Beams shows why he was right choice as captain
WHEN Dayne Beams stepped away from the captaincy of the Brisbane Lions this week, he proved with one momentous act why he was the right choice for the job in the first place.
How many captains in history have voluntarily stood down mid-season, at the absolute peak of their powers, and without a whiff of scandal?
Some captains hang on, white-knuckled to the title when it is obvious they aren't the right fit for the job, or the job is not what's best for them and their own form.
Beams was selfless enough to say he wasn't doing the job justice and had the courage to admit it wasn't the best for him and his family at this point in time.
He had never coveted the position, but as he saw the club's culture sinking during the tough years under Justin Leppitsch and Tom Rockliff, he discreetly made it known to senior officials that if they wanted change, he would put his name forward on the player ballot.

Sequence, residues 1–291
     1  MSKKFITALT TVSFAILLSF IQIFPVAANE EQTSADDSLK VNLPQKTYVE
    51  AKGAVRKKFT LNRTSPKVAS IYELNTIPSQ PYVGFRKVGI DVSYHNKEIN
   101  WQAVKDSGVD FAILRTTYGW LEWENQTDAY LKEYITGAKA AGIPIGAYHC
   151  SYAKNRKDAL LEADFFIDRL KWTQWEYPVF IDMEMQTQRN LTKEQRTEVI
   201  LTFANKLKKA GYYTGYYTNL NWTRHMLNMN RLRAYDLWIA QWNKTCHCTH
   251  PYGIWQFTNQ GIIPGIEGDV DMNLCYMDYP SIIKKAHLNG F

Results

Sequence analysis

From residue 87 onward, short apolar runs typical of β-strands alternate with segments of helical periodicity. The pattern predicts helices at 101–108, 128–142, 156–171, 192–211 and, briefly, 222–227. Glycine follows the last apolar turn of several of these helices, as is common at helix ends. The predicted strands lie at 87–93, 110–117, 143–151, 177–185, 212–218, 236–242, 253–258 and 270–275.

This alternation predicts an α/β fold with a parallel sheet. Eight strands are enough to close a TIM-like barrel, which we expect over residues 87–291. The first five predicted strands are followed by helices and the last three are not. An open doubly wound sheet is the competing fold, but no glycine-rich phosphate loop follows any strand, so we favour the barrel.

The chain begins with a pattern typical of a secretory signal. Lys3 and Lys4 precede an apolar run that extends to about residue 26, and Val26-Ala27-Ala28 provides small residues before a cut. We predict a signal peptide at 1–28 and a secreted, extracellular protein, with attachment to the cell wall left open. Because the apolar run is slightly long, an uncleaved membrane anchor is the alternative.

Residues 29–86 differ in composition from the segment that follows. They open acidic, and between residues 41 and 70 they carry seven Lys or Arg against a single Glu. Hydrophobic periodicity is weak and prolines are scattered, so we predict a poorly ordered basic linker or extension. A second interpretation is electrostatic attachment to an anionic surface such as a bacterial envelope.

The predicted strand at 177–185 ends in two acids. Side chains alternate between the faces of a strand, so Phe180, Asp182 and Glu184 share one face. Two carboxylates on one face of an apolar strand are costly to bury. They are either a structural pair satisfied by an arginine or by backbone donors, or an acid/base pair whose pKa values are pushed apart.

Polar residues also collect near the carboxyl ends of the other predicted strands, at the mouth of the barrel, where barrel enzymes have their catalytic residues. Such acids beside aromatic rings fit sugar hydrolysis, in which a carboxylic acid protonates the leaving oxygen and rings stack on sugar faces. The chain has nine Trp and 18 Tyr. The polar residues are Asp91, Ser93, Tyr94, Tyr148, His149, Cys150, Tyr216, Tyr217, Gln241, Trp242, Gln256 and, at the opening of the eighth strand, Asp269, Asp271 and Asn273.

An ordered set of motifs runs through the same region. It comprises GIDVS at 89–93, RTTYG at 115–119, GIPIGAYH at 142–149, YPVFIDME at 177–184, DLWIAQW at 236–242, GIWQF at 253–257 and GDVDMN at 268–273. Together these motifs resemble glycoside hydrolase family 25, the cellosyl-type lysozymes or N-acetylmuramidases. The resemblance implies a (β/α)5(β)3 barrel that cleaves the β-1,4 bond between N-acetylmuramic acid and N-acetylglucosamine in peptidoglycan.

That was it, he didn't canvass or campaign - just put it out there and let his teammates decide.
My optimism for the Lions in the future is high and I hope in a few years' time we will look back on the second significant turning point in the club's history and identify Beams' elevation as captain, alongside the appointment of Chris Fagan as coach and David Noble as football manager, as the key drivers.
Much has been said and written about the healing Fagan has brought to the club and the astute decisions Noble makes, but Beams' contribution is often overlooked.
He taught me a lesson to never judge a book by its cover.
I saw a guy covered in tatts, which I must admit I have no problem with, but he looked like a guy with immense talent who may not have offered much to the cultural evolution that was needed at the Lions.
Spend any time with the players and you can see how wrong I was.
Brisbane had a tendency to be surly and sulky. Now they are polite, unified and determined to work hard towards a future they all believe in.
Having the honesty to create a theme of "selflessness" implies the players are invested enough to have the type of self-reflection that identified selfishness was creeping in to the way they play.
Leaders like Beams drive that sort of player buy-in.
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